They say life is all about facing new challenges.
They say you should shoot for the moon, and even if you miss you’ll land among the stars. Coming from a Russian household landing among the stars would be considered a failure, so I never understood that quote. But I digress.
About 6 months ago while Jason was away for work, I walked into Sur La Table all bright eyed and cheery and walked out with a pasta roller. I went home, put Theo to bed, and then poured myself a heavy glass of wine. I was going to make fresh pasta, and I was going to be super chic by filling it with an egg yolk—how on trend—and then I was going to Instagram the shit out of that dinner.
What followed was a comedy of errors where the pasta was way too thick, it tore in places, and it came out a sloppy mess. I put the pasta roller away for a couple of months blaming the summer heat for making the pasta too sticky. I’d wait for winter I told myself.
Then last week, I decided to try it again. This time with Jason’s help, we rolled out pasta and made the filling. We got the pasta nice and thin, but when I stuffed the ravioli, I could tell once again, this was not going to be pretty. And it was not. While there was a marked improvement from the original attempt, they were still un-Instagramable. I bought more eggs.
They say that third time is the charm, and it was. This time I did my research. Wine glass in hand, I spent an hour or so reading up on all the flaws I was having with my homemade pasta and finally settled upon this Serious Eats article, which laid everything on the table. It’s not that my dough was too wet or too dry, it’s that I wasn’t properly laminating the dough, and that was making it weak and unstable and resulting in some ugly ravioli.
Equipped with my new knowledge, I got back to work. I’m sure there is an inspirational quote to be had here.
The filling of this ravioli hasn’t changed since the start: it’s spinach cooked down with some garlic, mixed with a bunch of ricotta and Parmesan. And then of course, the star of the show, the full egg yolk in the middle.
The ravioli needs no sauce—just a quick toss in some brown butter with thyme and then, when you cut into the center of it, that delicious, yellow yolk pours out and becomes the sauce itself.
Honestly, it’s heavenly, and I don’t say that about my dinner frequently. Now that I’ve got the basics down, you can bet your pretty little face I’ll be making fresh pasta more often. I’m not scared.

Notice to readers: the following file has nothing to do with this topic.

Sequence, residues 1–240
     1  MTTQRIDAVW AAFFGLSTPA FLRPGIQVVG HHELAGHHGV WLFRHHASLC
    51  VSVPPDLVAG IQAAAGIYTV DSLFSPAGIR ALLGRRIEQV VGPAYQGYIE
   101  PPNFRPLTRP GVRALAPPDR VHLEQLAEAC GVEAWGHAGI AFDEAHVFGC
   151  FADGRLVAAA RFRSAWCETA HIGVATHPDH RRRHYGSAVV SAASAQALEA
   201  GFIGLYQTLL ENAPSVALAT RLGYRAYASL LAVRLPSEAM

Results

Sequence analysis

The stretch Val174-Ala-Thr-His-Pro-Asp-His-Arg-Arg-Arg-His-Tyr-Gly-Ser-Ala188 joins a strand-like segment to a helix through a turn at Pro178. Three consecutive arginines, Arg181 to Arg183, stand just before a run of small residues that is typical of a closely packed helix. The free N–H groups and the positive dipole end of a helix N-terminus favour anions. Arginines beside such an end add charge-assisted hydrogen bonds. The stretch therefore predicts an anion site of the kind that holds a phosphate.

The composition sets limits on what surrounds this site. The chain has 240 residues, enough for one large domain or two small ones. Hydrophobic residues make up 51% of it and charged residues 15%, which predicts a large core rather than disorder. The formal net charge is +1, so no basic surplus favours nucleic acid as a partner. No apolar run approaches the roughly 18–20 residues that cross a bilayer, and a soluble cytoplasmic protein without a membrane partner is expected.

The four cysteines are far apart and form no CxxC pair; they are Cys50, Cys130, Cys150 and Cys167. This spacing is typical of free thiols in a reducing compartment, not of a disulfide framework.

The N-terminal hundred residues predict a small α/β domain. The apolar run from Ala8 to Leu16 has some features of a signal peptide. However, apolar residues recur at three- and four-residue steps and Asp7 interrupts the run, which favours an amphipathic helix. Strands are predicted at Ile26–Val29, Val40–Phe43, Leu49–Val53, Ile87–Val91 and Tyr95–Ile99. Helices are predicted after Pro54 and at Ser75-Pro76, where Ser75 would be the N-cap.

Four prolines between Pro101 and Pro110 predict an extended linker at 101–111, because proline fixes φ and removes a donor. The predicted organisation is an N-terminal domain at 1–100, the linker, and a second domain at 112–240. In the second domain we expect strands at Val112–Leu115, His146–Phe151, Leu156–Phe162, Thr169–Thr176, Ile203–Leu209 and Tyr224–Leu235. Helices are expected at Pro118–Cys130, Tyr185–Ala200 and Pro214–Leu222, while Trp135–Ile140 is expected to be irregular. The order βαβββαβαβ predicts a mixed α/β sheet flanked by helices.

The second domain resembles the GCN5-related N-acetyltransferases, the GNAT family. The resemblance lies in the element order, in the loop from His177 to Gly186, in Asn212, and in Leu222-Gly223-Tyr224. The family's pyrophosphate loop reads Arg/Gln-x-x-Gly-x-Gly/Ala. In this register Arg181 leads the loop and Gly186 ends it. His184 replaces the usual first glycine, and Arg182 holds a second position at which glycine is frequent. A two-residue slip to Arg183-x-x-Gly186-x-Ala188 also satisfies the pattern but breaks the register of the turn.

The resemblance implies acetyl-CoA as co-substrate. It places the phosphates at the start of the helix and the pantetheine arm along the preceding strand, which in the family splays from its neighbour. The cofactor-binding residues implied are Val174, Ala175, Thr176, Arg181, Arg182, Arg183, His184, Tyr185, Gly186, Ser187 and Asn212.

*Side note: if you’re now staring at 10 egg whites and you don’t know what to do with them, may I suggest the following: Lemon Curd and Blackberry Pavlova, Chocolate Hazelnut Semifredo, Whiskey Sours, or if at this point you need something a bit healthier, make yourself and egg white omelette for breakfast tomorrow. With cheese though.
- 1 cup all purpose flour
- 1 egg plus 2 egg yolks
- ½ teaspoon kosher salt
- 1 tablespoon olive oil
- 1 garlic clove, minced
- 2½ - 3 ounces spinach, chopped
- 1 cup ricotta
- ¼ cup Parmesan, grated
- 1 teaspoon fresh thyme leaves
- 1 tablespoon fresh parsley leaves, chopped
- ½ teaspoon Kosher salt
- 8 egg yolks
- 4 tablespoons butter
- 2 tablespoons fresh thyme leaves
- Parmesan, grated
- Pour flour out on a large, clean surface. Make a large well in the center. Crack egg and egg yolks into the center and sprinkle with salt. Use a fork to whisk eggs together, then use the fork to start incorporating the ﬂour until a wet, sticky dough forms.
- Use your hands or a bench knife to knead the dough, incorporating any ﬂour that fell to the side, until the dough feels firm and dry and can be formed into a ball, about 2-5 minutes.
- Knead dough for about 10 minutes to help gluten form, adding a tiny bit of flour if too wet and a drop or two of water if too dry. Form into ball and wrap tightly with plastic. Let rough rest on countertop for about 30 minutes, or else place in fridge for up to 1 day. Let come to room temperature before continuing.
- Heat oil in a large saucepan, add the garlic and spinach and cook until spinach wilts, about 3 minutes. Stir in thyme, parsley, and season with salt. Transfer spinach to a bowl with ricotta and Parmesan and mix well.
- Transfer ﬁlling to a pastry bag or a plastic bag with corner snipped off.
- Roll out dough into a thin sheet using a pasta roller (see Serious Eats article linked above for step-by-step instructions if you've never done this before). Using a cookie cutter, cut out 16 circles that are about 3½ inch in diameter.
- Using your pastry bag, make a circle of the ricotta mixture about ½ an inch away from the edge of the dough, leaving the center space for the yolk. Carefully place egg yolk in center.
- With your ﬁnger, wet the edges of the dough, then cover with another disc of dough and seal, pinching the edges.
- Bring a large, heavily salted pot of water to boil.
- In a large pan, heat butter over medium low heat until it starts to brown. Add in thyme. Reduce heat slightly to not burn butter.
- Add ravioli, two to three at a time, to water and cook for about 1 minute, until ravioli floats. Using a slotted spoon, drain ravioli and transfer to butter pan immediately and brown slightly on both sides.
- Sprinkle a bit of Parmesan cheese on top, if desired, and serve immediately.